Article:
OLR Research Report

September 17, 2009




By: Robin K. Cohen, Principal Analyst

You asked for an explanation of the state's electronic benefits transfer (EBT) program for welfare recipients, including whether Department of Social Services (DSS) clients can convert benefits into cash. You also asked if a program that tests welfare recipients for drug use still exists.

Since 1997, DSS' EBT program has provided paperless benefits to its public assistance clients. Currently, people receiving Temporary Family Assistance (TFA), Supplemental Nutrition Assistance Program (SNAP, formerly Food Stamps), State-Administered General Assistance (SAGA) cash, State Supplement, and the Child Support Disregard (parents receiving TFA receive a portion of any child support collected on their behalf) can receive their benefits via EBT. (Clients of all programs except SNAP have the option of receiving benefits through direct deposit to a bank account.) As under the old paper system, clients can convert all of their cash benefits into paper currency. SNAP benefits stay on the client's EBT card and generally can be used only for food.

With EBT, all of a client's benefits (many receive cash and food assistance) are issued onto a card that has the client's name and unique number. Clients receive their benefits on the same day every month, either the 1st, 2nd, or 3rd. Clients can use any NYCE cash machine (ATM) or stores that have machines with the Quest mark on them to withdraw cash up to the amount available in his or her cash account. Clients can use this money in any way they see fit.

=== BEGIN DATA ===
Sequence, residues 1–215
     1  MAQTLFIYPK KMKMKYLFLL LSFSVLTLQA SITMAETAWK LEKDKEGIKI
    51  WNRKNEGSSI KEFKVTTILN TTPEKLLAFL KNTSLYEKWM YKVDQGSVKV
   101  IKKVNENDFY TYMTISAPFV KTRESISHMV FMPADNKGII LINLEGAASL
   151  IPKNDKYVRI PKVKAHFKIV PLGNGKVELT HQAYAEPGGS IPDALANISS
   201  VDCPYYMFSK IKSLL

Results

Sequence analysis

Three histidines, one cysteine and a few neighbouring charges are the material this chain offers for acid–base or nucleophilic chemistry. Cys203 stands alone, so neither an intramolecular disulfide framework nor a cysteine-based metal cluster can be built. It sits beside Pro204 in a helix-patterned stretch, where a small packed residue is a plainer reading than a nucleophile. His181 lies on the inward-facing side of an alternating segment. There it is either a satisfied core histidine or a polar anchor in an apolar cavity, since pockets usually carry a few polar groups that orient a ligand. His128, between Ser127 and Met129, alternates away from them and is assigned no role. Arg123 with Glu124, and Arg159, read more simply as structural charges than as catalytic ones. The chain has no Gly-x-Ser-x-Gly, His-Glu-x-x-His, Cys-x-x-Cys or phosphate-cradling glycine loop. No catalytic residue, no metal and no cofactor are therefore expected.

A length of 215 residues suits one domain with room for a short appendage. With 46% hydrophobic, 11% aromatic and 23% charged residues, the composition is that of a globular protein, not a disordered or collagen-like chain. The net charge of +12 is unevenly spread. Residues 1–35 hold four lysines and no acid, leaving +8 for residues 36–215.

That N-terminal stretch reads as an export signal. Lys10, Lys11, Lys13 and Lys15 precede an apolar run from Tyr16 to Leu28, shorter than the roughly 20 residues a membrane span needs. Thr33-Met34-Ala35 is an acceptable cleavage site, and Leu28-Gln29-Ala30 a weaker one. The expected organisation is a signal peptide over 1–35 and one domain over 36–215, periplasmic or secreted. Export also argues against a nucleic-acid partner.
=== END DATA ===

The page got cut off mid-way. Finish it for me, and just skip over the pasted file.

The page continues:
To redeem SNAP benefits, clients use point-of-sale machines located in more than 1,700 state retailers authorized by the U.S. Department of Agriculture to accept SNAP benefits. The amount of food purchased is deducted from the client's balance; no change is ever given.

Clients receive two free cash ATM transactions per month, after which they pay a fee; no limits exist for free transactions for food or cash purchases or cash back with purchases. A toll-free number provides information about where the card can be used and food and cash balances.

The state has never performed drug testing on welfare recipients. But state law limits the circumstance under which cash and SNAP benefits can be provided to drug felons. Specifically, anyone convicted of a state or federal offense on or after August 22, 1996 that is (1) classified as a felony and (2) has as an element the possession, use, or distribution of a controlled substance is eligible for benefits only if he or she has completed a court-imposed sentence. Individuals also qualify if they are satisfactorily on probation or are in the process of completing a court-imposed sentence for mandatory participation in a substance abuse treatment or testing program (CGS 17b-112).


A list of allowable uses of SNAP benefits can be found at www.usda.gov.